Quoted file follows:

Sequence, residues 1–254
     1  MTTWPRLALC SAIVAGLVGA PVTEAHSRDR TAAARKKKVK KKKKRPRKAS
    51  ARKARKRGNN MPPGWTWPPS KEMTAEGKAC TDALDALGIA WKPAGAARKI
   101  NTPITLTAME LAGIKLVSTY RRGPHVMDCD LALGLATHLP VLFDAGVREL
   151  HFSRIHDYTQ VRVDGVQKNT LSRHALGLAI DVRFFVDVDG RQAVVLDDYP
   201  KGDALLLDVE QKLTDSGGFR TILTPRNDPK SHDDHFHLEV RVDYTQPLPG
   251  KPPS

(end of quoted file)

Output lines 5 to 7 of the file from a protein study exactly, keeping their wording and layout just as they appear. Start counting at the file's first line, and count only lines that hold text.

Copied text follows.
   151  HFSRIHDYTQ VRVDGVQKNT LSRHALGLAI DVRFFVDVDG RQAVVLDDYP
   201  KGDALLLDVE QKLTDSGGFR TILTPRNDPK SHDDHFHLEV RVDYTQPLPG
   251  KPPS